Friday, February 28, 2014

The Burning River Ramblers--- {:to color a fool}

You have to wonder what people are thinking sometimes.  An example:  You're leafing through the record racks and you come across an album by The Burning River Ramblers.  Has to be Bluegrass or Country, right?  Guess again.  These ramblers are mainstream rock (from Cleveland and Athens, they say on their website).  Well, maybe not straight ahead mainstream rock, but mainstream enough.  But seriously?  With literally thousands and maybe millions of combinations they could come up with, they settle on Burning River Ramblers?  What's next?  A folk duo called Amplified Baby Puke?  A death metal band called Flowing Sequins?  Maybe I'm out of line here, but shouldn't the name of the band give you a clue as to what sort of music they produce?

That aside, if I have to listen to mainstream, please let it be to a band at least this good.  I think I've had a stroke recently because a handful of bands have sounded like Oami to me lately, and I'm sure you are asking who that is.  When I returned to writing music reviews after a long layoff, Oami's Day In the City was among my first.  Recorded and released in 2005, the album steamrolled me and I never really understood why.  I found it fresh and just outside the mainstream, or at least that's how I choose to remember it.  God only knows what I actually wrote (you can read the review here), but I'm sure I meant every word of it.  I listened to that album a lot back then and still occasionally pull it out to refresh my memory, usually with the thought that I should revisit it more often.

The reason that I bring that up is that {:to color a fool} steamrolls me today in the same way that Day In the City did back then. Both bands have that ability to tap dance around a song with light rhythmic touches--- sometimes syncopated, sometimes latin, sometimes just jazz-riffy--- and those touches make the difference.  Surround those rhythms with smooth vocals (and a slew of vocal hooks), flowing backup, and an attitude which reminds me more than a bit of early Steely Dan, and you have a band worthy of attention.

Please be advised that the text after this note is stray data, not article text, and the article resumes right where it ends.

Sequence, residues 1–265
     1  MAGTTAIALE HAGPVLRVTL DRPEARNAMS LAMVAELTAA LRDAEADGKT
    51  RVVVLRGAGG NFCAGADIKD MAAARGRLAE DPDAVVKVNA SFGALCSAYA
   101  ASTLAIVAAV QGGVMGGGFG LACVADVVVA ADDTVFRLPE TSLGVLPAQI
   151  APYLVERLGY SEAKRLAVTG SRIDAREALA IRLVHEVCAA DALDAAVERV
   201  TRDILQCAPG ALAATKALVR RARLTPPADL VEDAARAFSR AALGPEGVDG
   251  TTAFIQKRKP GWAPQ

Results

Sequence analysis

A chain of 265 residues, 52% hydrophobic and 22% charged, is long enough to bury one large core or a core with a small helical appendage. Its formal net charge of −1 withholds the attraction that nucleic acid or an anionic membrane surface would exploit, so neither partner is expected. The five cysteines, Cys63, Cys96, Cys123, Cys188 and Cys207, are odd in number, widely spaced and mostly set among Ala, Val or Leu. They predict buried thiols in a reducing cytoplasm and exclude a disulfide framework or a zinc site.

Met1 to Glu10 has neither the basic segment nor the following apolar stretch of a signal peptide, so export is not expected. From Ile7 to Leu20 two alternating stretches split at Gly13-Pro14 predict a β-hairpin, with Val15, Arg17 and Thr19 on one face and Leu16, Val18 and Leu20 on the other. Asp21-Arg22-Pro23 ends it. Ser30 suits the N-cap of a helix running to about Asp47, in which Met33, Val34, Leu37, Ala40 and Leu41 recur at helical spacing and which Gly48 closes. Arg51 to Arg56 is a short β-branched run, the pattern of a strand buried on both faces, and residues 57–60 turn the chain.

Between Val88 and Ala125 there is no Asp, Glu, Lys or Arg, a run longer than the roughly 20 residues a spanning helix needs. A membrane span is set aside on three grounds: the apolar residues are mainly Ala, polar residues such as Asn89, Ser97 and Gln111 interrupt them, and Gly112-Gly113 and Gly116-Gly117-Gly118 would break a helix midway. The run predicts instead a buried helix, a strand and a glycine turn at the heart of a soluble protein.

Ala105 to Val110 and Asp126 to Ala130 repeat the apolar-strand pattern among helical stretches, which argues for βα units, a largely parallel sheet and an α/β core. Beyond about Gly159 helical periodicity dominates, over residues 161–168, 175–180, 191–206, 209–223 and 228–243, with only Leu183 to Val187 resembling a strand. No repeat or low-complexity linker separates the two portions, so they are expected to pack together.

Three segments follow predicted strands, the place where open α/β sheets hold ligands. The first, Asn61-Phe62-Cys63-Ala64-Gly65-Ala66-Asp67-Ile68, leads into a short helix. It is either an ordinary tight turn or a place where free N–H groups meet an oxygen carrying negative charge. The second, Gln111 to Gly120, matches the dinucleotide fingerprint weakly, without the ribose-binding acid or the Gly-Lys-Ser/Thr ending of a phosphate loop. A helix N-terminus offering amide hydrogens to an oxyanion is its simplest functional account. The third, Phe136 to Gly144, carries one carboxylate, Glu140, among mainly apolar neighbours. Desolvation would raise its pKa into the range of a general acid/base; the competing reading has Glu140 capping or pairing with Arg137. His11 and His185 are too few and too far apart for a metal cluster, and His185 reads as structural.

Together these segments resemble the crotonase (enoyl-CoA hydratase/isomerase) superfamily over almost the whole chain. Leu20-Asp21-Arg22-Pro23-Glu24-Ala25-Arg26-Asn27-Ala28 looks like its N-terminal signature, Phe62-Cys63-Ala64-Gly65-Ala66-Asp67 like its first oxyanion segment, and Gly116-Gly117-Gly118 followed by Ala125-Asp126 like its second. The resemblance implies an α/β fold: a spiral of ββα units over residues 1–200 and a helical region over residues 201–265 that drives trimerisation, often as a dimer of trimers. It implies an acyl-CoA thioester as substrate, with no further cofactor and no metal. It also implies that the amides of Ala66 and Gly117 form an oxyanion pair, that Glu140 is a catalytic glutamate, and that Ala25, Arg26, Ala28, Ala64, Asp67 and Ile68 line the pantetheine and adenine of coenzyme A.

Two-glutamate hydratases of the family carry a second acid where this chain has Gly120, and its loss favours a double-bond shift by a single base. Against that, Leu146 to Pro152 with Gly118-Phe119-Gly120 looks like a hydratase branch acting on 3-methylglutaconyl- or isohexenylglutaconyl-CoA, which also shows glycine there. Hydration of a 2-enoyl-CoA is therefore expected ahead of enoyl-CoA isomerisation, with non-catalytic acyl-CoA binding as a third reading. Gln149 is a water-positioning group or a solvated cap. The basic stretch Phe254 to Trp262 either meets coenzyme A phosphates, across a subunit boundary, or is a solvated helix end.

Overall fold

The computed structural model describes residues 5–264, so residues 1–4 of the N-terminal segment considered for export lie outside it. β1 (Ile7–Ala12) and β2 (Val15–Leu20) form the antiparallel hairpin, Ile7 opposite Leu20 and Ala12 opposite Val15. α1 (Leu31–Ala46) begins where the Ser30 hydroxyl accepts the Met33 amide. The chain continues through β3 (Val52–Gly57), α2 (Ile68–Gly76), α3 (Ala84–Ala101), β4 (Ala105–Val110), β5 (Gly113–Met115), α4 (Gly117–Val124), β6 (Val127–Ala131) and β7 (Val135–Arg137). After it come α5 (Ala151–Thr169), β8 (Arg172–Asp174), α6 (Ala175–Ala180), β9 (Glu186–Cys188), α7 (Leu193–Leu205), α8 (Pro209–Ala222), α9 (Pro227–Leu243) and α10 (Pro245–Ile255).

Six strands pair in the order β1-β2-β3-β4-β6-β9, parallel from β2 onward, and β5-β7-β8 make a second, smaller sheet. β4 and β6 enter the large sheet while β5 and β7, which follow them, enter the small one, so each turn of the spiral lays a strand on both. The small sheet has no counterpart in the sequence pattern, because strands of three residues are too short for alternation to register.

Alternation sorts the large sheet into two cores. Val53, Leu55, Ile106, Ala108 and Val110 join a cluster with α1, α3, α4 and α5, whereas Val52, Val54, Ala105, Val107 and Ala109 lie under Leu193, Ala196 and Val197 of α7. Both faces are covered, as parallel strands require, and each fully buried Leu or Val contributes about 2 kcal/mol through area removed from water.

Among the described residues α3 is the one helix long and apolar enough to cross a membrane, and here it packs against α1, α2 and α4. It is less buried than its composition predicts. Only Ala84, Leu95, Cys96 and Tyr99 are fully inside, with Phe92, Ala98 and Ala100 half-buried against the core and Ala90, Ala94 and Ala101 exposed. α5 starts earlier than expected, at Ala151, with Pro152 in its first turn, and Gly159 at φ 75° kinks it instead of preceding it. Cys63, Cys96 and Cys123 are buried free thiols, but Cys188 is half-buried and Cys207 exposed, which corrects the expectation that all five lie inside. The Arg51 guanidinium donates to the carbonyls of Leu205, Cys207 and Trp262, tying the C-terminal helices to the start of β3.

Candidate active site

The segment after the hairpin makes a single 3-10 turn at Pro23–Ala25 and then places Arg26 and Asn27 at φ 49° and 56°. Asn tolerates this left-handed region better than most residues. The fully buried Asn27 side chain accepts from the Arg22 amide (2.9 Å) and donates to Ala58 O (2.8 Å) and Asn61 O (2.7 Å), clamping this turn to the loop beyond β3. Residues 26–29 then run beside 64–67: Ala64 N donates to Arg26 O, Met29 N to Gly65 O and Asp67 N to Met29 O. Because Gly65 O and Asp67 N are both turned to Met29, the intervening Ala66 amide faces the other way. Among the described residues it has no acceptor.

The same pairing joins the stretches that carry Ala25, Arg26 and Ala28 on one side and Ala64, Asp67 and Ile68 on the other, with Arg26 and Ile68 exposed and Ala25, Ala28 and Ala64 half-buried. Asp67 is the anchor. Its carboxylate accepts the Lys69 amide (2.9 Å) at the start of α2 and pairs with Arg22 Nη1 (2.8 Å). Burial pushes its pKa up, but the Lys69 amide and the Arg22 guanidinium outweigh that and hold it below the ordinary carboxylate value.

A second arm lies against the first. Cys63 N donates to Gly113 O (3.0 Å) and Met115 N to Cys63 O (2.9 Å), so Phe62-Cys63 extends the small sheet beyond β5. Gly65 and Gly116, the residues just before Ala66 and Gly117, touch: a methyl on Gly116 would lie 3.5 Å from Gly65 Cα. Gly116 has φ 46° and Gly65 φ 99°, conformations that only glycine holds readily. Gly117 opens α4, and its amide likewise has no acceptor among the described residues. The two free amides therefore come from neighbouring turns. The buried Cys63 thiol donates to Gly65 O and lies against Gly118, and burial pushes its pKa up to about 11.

Cleveland.  The home of another favorite, Dan Miraldi & The Albino Winos.  Home base for The Damnation of Adam Blessing, The Raspberries and The Euclid Beach Band.  A city full of riffmeisters  and chooglers (The Burning River Ramblers qualify in both categories).

The cool thing is, in this day and age, you don't have to take my word for it.  The Net supplies links for those musicians smart enough to use them.  Here is a link to the band's web page where you can stream five tracks from this album and a string of other tunes.  Even better, scroll down to this video which captures one of my favorite songs on the album, Don't Wait On Me.

Frank O. Gutch Jr.

(Frank Gutch Jr. writes and has written for numerous magazines and websites, presently including this blog, his own website and the prestigious Don't Believe A Word I Say site put together by musician and music pundit Bob Segarini, out of Toronto. He specializes in the Indies, having fought hand-to-hand combat with major record labels for decades (talk about zombies). He believes music should be the core of the music business, though business it mostly be, and denies the accepted reality in the stead of the artistic one. Seldom does he receive pay for articles and/or reviews and believes that there is no place for negatives in a world in which one cannot keep up with the positives. He is, in a sense, a lost soul in a sea of music, drowning, but drowning gratefully.)

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